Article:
19th August 2015
Last month saw the first national Day of Memory to commemorate victims of “honour”-based violence and abuse. Karma Nirvana, the charity behind the event, reports that at least 12 women a year are known to have been killed as a result of “honour”-based violence in the UK, although the true number is thought to be much higher.
Whilst B&ME women are disproportionately impacted by specific forms of violence against women and girls – such as forced marriage and “honour”-based violence – their experiences of violence are often intersecting and overlapping (Thiara, 2012). In other words, a B&ME woman could experience “honour”-based violence in the context of domestic abuse. Despite being just as likely to experience abuse as any other ethnic group, research shows that the level of disclosure for Black and minority ethnic (B&ME) victims of domestic abuse is far lower than that of the general population (Walby & Allen, 2004). From our own national dataset of 42,000 cases, we know that victims from B&ME communities typically suffer abuse for 1.5 times longer before getting help than those who identify as White, British or Irish.
I started looking more closely at the data to see why this might be. A third of B&ME clients are at risk of “honour”-based violence, and they’re three times more likely to be abused by multiple perpetrators. A quarter of B&ME victims say that they need the aid of an interpreter to communicate effectively. And 1 in 5 has no recourse to public funds. This combination of more limited access to legal and other services, language barriers, abuse from extended family members and the wider community, and simply not knowing your rights means it’s no surprise that many B&ME victims feel unable to speak out about the abuse they’re experiencing.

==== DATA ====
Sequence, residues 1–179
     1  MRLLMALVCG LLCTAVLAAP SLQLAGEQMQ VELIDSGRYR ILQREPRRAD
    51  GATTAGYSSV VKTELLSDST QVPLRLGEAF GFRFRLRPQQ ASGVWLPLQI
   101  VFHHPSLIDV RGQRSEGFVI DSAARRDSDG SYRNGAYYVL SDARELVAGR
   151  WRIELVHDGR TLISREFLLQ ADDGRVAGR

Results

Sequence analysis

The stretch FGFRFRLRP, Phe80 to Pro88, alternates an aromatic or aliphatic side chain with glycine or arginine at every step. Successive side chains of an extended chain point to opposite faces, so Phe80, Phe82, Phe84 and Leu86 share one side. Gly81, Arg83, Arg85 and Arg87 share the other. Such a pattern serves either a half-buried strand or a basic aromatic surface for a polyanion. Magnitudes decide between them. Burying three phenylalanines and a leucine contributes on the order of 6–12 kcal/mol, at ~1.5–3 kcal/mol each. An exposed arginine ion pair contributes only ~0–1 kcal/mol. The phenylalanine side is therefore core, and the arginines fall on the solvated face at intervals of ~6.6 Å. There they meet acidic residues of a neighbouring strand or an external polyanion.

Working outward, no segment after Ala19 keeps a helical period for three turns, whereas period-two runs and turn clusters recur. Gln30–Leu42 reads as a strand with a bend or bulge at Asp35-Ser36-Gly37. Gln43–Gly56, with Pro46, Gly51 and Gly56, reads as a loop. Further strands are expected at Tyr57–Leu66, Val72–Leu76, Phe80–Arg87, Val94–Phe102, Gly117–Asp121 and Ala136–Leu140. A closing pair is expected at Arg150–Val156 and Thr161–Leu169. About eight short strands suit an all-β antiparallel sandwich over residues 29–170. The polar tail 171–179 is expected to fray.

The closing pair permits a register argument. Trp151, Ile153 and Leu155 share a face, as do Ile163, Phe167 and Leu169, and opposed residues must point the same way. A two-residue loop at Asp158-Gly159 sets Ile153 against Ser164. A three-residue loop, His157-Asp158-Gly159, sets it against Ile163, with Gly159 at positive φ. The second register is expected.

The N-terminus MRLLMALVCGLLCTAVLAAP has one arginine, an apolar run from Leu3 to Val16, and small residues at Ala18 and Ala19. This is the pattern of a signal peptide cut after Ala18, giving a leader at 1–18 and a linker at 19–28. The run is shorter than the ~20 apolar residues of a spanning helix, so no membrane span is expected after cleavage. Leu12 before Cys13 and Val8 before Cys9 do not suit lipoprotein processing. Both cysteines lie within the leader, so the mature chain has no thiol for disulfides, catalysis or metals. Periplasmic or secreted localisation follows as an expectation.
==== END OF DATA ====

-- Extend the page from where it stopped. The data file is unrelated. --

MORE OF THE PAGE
Telling someone you’re being abused by an intimate partner or family member is an incredibly tough step to take. But the more I read, the more I realised how much this is compounded for B&ME women. I spoke to Mollin Delve, service manager at the Phoebe Centre in Ipswich – one of the specialist B&ME services using our Insights data analysis and outcome measurement service. She explained the problems her clients face: “Being from a migrant B&ME background means that the majority of our clients don’t have secure legal status in this country and are dependent on others, particularly the perpetrator, for their stay in the UK.”
It can also mean they lack knowledge about UK systems and laws. “This adds to the abusers’ control over them. Victims are often enslaved in their homes, as a result of an inability to voice their experiences. They don’t always speak English and are not allowed to learn or make friends. Many have no entitlement to public funds unless an advocate (like ourselves) helps them to access support,” Mollin reflected.
Specialist services like the Phoebe Centre, which are led and delivered by B&ME women, are essential for advocating on behalf of B&ME victims of abuse to get the support they need. But understanding the unique challenges these women face is essential if we’re ever to increase the number getting help – and this is something we all have a responsibility for, particularly as specialist services have been drastically reduced in the past 10 years.
Some useful resources for working with B&ME clients
For more information about domestic violence and B&ME victims, including support and training options, visit Imkaan’s website.
The Home Office has published “Three steps to escaping domestic violence” – a leaflet aimed specifically at women in Black and minority ethnic communities. The leaflet is available in 12 languages and can be downloaded from the Gov.uk website.
Did you know that the Dash risk checklist is available to download in 13 community languages? You can also find tips and advice on supporting young people at risk of forced marriage in our forced marriage practice briefing.